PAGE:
Eight months into U.S. travel restrictions imposed during the COVID-19 pandemic, American passengers are still reluctant to fly, with significant numbers reporting they won’t take to the skies until there’s a working vaccine or even giving a date when they expect to travel by air again.
Only 13 percent of Americans surveyed in a National Geographic and Morning Consult poll say they’d be willing to fly now or before the end of the year, and another 24 percent said they would take a flight sometime in 2021. About a third of the 2,200 respondents to the poll taken earlier this week do not have a clue when they’ll leave on a jet plane again, a function of the longer-than-expected pandemic pullback from normal activity.
Earlier this week, the U.S. Transit Security Administration reported screening a million daily passengers for the first time since the pandemic began in March, but that number was far short of last October’s levels—and happened during a period of uncertainty with virus rates soaring in many parts of the U.S. Even so, other Morning Consult polling the week of October 19 found a steady increase in consumer confidence in resuming activities such as “going on vacation” or “going to a museum.”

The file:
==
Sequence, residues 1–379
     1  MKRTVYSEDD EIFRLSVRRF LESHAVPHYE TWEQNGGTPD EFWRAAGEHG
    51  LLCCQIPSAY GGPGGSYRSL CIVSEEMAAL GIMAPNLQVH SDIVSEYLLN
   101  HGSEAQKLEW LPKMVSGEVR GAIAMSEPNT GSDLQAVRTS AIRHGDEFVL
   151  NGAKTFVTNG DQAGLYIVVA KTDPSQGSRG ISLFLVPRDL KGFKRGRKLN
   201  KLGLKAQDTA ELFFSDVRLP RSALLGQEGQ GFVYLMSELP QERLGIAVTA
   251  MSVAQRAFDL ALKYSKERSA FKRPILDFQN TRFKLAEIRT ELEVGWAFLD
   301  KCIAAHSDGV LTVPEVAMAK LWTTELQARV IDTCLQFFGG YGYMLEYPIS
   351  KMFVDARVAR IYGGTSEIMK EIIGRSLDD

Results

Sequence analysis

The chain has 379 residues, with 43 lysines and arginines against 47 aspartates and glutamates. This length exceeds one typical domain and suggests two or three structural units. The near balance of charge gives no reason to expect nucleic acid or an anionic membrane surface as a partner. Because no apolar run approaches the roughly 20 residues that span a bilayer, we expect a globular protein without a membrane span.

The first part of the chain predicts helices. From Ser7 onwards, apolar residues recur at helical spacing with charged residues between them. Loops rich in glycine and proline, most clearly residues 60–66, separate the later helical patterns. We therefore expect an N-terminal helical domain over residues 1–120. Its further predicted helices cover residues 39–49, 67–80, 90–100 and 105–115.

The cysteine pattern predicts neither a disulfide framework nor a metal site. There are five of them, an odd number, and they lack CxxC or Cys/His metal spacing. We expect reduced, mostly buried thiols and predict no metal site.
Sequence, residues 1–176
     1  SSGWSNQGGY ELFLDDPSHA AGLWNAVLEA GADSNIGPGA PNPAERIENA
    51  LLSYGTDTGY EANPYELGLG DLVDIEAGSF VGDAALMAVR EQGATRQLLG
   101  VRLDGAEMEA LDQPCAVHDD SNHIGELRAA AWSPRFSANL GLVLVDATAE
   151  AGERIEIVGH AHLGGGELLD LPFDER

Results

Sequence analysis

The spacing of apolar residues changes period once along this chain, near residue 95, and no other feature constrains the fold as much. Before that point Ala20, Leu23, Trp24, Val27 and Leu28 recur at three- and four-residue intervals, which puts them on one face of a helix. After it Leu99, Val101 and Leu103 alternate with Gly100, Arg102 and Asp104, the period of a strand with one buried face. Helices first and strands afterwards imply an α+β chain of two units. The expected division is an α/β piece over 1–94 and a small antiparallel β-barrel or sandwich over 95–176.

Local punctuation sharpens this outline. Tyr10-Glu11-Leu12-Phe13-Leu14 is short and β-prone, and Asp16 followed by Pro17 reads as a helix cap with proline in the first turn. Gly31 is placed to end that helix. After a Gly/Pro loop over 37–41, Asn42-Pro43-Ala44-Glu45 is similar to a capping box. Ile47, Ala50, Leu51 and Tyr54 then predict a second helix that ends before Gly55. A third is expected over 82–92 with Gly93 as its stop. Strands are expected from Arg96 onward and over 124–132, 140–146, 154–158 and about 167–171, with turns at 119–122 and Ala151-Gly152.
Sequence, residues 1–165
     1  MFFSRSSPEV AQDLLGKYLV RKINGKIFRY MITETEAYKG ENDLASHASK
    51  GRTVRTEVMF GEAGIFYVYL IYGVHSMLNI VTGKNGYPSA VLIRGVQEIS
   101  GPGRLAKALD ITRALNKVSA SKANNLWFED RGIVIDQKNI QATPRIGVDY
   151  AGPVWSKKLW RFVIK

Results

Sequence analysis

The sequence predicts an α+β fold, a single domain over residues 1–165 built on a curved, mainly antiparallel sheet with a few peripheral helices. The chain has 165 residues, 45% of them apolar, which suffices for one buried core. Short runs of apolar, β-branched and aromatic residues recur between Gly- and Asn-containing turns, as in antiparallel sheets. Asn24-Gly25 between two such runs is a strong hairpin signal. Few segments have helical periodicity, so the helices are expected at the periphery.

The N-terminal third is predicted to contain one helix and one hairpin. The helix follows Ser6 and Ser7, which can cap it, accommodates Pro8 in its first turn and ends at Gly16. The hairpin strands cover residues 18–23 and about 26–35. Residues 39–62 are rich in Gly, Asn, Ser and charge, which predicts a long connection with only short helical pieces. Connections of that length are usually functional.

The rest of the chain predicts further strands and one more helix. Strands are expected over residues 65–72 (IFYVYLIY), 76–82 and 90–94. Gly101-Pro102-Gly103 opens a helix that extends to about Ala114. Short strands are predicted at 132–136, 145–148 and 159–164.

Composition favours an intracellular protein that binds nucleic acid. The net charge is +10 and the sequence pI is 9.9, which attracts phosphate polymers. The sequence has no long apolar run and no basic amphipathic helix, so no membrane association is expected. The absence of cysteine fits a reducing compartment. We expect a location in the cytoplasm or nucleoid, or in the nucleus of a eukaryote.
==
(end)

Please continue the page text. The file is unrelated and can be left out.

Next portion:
Older Americans (those 65 and up) were the most cautious, with 28 percent saying they’d wait to fly until after a vaccine. Millennials (those born between 1981 and 1996), and people who identify as politically conservative were the most likely to say they’d travel now (eight percent and 12 percent, respectively).
A similar survey on travel comfort levels conducted during the first week of June 2020 by the International Air Travel Association polled 4,700 frequent fliers from countries including Australia, France, Germany, and the U.S. It found that 12 percent of respondents were ready for air travel immediately, but that 33 percent would “wait a month or two” and 36 percent would “wait sixth months or so.”